Large Nordic banks have recorded significantly lower loan loss provisions than European peers during the pandemic, but there are risk factors that could end this track record this year, according to analysts.
The median cost of risk for the six largest Nordic banks — Nordea Bank Abp, Danske Bank A/S, DNB ASA, Svenska Handelsbanken AB (publ), Skandinaviska Enskilda Banken AB and Swedbank AB (publ) — was 37 basis points in the first nine months of 2020, according to S&P Global Market Intelligence data.
This is compared with a 75-basis-point median for large European banks outside of the Nordic region.
One explanation is that Nordic banks started off in a better shape, already recording loan losses below European peers before the pandemic, said Geir Kristiansen, analyst at Nordic Credit Rating.
In 2019, the six banks had a median cost of risk of 9 basis points, against 19 basis points for other large European lenders.
Another driver is the range of extensive government support packages, furlough schemes and well-functioning social security systems in Sweden, Denmark, Norway and Finland, which have enabled customers to continue servicing their debts during the crisis, Kristiansen said.
'Real' losses limited
But the Nordic banks' 2020 financial results may not tell the whole story of the pandemic's impact on their loan books.
"It remains to be seen if there is really underlying worsening of the asset quality. It hasn't been the case for now, but it might be a bit more of a delayed process," said Salla von Steinaecker, director and lead analyst for Nordic banks at S&P Global Ratings.
Most of the large Nordic lenders' loan loss provisioning in 2020 was driven by macroeconomic modeling under IFRS 9, rather than actual asset quality deterioration, she said in an interview. Implemented in 2018, the IFRS 9 accounting standard requires banks to apply macroeconomic forecasts when estimating expected credit losses.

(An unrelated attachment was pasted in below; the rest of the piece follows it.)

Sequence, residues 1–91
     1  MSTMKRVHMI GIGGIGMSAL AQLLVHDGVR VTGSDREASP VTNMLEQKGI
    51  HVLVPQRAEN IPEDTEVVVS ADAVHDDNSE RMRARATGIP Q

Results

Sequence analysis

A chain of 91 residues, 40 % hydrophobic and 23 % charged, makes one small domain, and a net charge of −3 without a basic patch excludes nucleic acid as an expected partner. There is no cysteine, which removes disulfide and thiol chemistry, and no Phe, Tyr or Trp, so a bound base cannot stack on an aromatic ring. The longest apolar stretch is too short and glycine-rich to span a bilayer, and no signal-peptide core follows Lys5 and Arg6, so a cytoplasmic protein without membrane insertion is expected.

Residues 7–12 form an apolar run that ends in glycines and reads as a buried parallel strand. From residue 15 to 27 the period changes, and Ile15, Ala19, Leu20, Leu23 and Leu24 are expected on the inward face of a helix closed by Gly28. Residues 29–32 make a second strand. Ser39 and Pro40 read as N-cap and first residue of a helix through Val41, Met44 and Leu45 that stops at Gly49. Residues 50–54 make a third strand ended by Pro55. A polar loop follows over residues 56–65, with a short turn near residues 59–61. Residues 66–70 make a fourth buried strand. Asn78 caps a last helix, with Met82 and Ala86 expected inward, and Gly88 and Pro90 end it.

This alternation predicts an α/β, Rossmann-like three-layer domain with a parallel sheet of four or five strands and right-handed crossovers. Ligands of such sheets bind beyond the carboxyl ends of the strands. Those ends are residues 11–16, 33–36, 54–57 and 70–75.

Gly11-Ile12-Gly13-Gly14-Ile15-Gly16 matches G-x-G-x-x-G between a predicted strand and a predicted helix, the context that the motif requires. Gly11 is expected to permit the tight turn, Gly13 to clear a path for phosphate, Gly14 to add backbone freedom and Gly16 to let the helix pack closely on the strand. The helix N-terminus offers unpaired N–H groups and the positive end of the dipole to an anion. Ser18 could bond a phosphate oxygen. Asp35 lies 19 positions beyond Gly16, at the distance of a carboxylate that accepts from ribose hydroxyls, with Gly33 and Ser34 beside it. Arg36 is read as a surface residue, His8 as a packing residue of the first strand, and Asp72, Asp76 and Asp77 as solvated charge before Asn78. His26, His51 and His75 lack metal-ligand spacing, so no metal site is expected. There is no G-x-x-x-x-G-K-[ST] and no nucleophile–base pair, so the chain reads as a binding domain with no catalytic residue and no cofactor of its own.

Even for vulnerable segments such as tourism and airlines, the downward rating migration has been limited so far, with "very few real losses," said Louise Lundberg, a Nordic bank analyst at Moody's.
Oil-related exposures, in particular offshore, were the only segments that drove significant increases in stage 3 nonperforming loan levels during 2020, particularly for DNB, which due to its Norwegian domicile has a relatively large exposure to these sectors. The bank had the highest cost of risk among its Nordic peers last year, although still below the median for other large European lenders.
"There's an expectation that there's sort of a pent-up loss somewhere, given the fact that there's been so much government support. At some point, the support tap will have to be turned down a little bit, and then things can probably come to the surface then," said Sean Cotten, Nordic Credit Rating's chief rating officer.
Nordic Credit Rating expects that Nordic banks will face higher loan losses in 2021 than in 2020, as will likely also be the case for European peers.
Then there would typically be a time lag of six months before actual defaults would appear in the banks' books, he said in an interview.